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26 Sep 2019

Scientists converge on Melbourne to accelerate a cure for hepatitis B

Hepatitis B (HBV) is a small virus that can have a big impact. Infecting the liver, it is one of the major causes of liver scarring – or cirrhosis – and liver cancer. 

In Australia, an estimated 240,000 people have the condition – enough to fill the Melbourne Cricket Ground two-and-a-half times. It affects more people than HIV and hepatitis C combined. 

A cure for hepatitis C – a different virus that also causes liver cancer – was introduced in 2016. But a cure for HBV remains elusive. 

However, leading international HBV experts converging on Melbourne from October 1-5 believe a cure for people with hepatitis B is also possible. 

A key focus of the 2019 International HBV Meeting – the first time the event has been held in Australia – will be to find ways to advance a cure, says co-chair, Professor Peter Revill, Royal Melbourne Hospital Senior Medical Scientist at the Peter Doherty Institute for Infection and Immunity, Melbourne. 

In addition to the international conference, a free public forum open to all and a symposium focusing on a cure for HBV will also take place. 

“The International Hepatitis B virology meeting, together with the public forum and the cure symposium, represents the single greatest colloquia of meetings dedicated to the elimination of hepatitis B ever held in Australia,” said Prof Revill, who also leads the International Coalition to Eliminate Hepatitis B (ICE-HBV). “Interestingly, HBV was originally discovered in Australia – by Nobel Laureate, Dr Baruch Blumberg, in 1965.” The co-investigator of this discovery, US Professor Harvey Alter, will be in Melbourne for the meeting. 

HBV attacks the liver and can cause both acute and chronic disease. The virus is transmitted through contact with the blood or other body fluids of an infected person. Most of the transmission worldwide occurs from mother to baby, which can be prevented by vaccination. 

“An effective preventative vaccine against HBV is available and is crucial to the global campaign to eliminate the virus,” Prof Revill said, referring to the vaccine available to newborn babies and young children as part of Australia’s national immunisation schedule. 

“However, it is important we also focus our efforts on a cure to help the more than 250 million people worldwide living with the disease, including those in Australia, for which the vaccine is of no benefit. 

“Current anti-viral therapy, even though it might control the virus, doesn’t eliminate the risk of liver cancer and is lifelong. It drops the risk of progressing to liver cancer by about 50 per cent, but this means there is still a significant likelihood that those affected will go on to develop cancer,” Prof Revill said.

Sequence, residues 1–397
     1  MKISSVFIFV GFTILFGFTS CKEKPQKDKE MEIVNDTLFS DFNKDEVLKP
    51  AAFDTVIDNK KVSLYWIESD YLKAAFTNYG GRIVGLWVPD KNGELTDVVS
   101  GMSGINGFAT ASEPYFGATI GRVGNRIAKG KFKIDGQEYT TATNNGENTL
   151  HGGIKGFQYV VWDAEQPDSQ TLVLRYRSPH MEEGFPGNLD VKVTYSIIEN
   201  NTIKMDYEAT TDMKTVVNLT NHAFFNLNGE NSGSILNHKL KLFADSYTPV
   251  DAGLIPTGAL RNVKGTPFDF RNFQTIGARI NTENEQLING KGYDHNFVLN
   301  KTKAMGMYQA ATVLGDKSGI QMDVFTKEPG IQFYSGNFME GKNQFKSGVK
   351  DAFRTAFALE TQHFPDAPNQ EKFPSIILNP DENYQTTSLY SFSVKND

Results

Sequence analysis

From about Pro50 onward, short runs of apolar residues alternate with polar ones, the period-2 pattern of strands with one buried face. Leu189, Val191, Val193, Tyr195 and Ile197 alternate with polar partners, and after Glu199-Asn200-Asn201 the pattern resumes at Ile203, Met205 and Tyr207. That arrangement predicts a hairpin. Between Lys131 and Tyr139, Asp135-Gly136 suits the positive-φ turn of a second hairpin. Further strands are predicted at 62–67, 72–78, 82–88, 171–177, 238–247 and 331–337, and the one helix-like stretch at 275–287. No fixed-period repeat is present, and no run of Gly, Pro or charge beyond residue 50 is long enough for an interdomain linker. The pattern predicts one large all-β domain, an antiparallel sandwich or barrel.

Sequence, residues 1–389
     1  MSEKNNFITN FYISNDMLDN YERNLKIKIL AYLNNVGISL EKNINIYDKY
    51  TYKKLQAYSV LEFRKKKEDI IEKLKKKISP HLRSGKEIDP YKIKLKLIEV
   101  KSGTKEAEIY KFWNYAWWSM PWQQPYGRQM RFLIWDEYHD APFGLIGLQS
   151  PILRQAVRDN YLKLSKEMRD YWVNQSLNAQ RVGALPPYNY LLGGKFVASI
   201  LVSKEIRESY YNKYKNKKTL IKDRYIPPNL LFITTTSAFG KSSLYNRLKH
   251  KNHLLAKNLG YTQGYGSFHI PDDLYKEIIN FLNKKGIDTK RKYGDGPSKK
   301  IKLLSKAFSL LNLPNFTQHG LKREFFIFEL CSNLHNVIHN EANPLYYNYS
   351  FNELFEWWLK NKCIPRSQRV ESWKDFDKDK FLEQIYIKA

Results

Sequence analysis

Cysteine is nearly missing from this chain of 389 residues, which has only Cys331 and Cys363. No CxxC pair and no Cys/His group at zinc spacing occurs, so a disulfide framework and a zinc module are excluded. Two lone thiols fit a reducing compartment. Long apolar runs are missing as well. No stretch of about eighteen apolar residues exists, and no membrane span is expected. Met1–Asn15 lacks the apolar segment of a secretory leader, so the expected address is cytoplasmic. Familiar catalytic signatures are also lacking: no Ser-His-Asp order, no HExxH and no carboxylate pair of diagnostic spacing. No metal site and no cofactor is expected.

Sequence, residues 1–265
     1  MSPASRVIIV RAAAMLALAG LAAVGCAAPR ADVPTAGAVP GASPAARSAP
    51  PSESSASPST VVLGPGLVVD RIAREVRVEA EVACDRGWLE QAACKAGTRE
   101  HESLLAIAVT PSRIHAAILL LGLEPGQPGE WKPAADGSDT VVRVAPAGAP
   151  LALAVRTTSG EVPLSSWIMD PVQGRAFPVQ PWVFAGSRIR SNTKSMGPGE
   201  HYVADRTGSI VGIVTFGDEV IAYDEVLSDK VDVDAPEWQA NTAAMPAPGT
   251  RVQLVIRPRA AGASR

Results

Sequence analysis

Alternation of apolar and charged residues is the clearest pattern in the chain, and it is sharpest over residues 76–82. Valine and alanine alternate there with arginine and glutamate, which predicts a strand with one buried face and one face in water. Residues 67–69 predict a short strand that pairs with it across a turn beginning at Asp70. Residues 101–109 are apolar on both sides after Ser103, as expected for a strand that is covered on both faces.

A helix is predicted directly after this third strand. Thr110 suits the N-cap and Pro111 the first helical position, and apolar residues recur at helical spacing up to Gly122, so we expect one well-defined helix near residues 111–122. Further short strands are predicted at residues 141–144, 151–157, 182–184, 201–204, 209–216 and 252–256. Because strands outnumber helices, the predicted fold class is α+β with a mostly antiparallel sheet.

HBV causes 880,000 deaths worldwide every year – approximately one every 45 seconds. Today, more people die from chronic hepatitis B (CHB) than from malaria. CHB causes almost 40 per cent of hepatocellular carcinoma, the second leading cause of cancer-related mortality worldwide. 

In 2019, chronic hepatitis B is four times more prevalent in Indigenous Australians than non-Indigenous Australians. It’s a key cause of serious illness and death in this community, due to liver disease and cancer. 

Achieving a cure for HBV will be challenging due to the nature of the virus. HBV makes a form of DNA called “cccDNA” which resides in the nucleus of infected liver cells where it is difficult to eliminate. However, Prof Revill said new treatments underway to cure HBV include drugs which directly attack the virus and immune-based therapies which harness the body’s natural immune system – the white blood cells – to fight the infection. These efforts to cure HBV are focused on reducing the viral load and associated viral proteins in the body, restoring individuals’ immune responses. This is called a “functional cure” – similar to when patients naturally rid themselves of the disease and no longer require treatment. 

Meeting the World Health Organisation goals of eliminating hepatitis B virus as a public health problem by 2030 will require a four-pronged approach, Prof Revill said, namely: 

  • Preventative vaccination for babies 
  • Improved diagnosis (only 10% of infected persons are diagnosed at present)  
  • Improved access to treatment 
  • Development of a cure. 

Prof Revill said more investment in research is needed to advance a cure. “Infectious diseases, including those without a cure such as hepatitis B, are drastically underfunded. I would love to see a cure for hepatitis B in the foreseeable future – but this will only occur with a marked increase in funding,” Prof Revill said. 

The 2019 International HBV Meeting is coordinated by the Hepatitis B Foundation

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